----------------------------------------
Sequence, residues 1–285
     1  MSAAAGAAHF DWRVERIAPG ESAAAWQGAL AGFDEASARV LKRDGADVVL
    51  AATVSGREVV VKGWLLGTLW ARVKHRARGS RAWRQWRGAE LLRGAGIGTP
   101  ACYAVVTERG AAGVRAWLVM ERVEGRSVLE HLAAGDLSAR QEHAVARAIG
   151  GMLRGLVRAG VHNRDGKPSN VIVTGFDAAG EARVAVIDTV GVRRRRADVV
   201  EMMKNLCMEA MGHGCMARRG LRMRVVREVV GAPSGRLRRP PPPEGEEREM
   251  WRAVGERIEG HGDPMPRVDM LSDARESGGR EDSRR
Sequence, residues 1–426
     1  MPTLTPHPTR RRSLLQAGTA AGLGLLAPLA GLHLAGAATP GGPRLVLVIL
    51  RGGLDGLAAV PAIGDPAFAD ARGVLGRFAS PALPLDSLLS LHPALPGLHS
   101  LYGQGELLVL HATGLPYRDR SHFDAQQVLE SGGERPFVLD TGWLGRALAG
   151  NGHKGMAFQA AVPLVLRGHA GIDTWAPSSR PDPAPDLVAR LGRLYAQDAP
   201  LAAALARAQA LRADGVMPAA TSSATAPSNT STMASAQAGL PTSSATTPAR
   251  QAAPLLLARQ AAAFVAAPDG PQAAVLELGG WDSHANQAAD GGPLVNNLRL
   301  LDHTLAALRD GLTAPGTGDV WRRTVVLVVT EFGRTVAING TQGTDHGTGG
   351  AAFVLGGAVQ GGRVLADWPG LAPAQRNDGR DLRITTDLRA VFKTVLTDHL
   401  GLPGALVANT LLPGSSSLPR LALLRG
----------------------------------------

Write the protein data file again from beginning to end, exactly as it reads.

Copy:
Sequence, residues 1–285
     1  MSAAAGAAHF DWRVERIAPG ESAAAWQGAL AGFDEASARV LKRDGADVVL
    51  AATVSGREVV VKGWLLGTLW ARVKHRARGS RAWRQWRGAE LLRGAGIGTP
   101  ACYAVVTERG AAGVRAWLVM ERVEGRSVLE HLAAGDLSAR QEHAVARAIG
   151  GMLRGLVRAG VHNRDGKPSN VIVTGFDAAG EARVAVIDTV GVRRRRADVV
   201  EMMKNLCMEA MGHGCMARRG LRMRVVREVV GAPSGRLRRP PPPEGEEREM
   251  WRAVGERIEG HGDPMPRVDM LSDARESGGR EDSRR
Sequence, residues 1–426
     1  MPTLTPHPTR RRSLLQAGTA AGLGLLAPLA GLHLAGAATP GGPRLVLVIL
    51  RGGLDGLAAV PAIGDPAFAD ARGVLGRFAS PALPLDSLLS LHPALPGLHS
   101  LYGQGELLVL HATGLPYRDR SHFDAQQVLE SGGERPFVLD TGWLGRALAG
   151  NGHKGMAFQA AVPLVLRGHA GIDTWAPSSR PDPAPDLVAR LGRLYAQDAP
   201  LAAALARAQA LRADGVMPAA TSSATAPSNT STMASAQAGL PTSSATTPAR
   251  QAAPLLLARQ AAAFVAAPDG PQAAVLELGG WDSHANQAAD GGPLVNNLRL
   301  LDHTLAALRD GLTAPGTGDV WRRTVVLVVT EFGRTVAING TQGTDHGTGG
   351  AAFVLGGAVQ GGRVLADWPG LAPAQRNDGR DLRITTDLRA VFKTVLTDHL
   401  GLPGALVANT LLPGSSSLPR LALLRG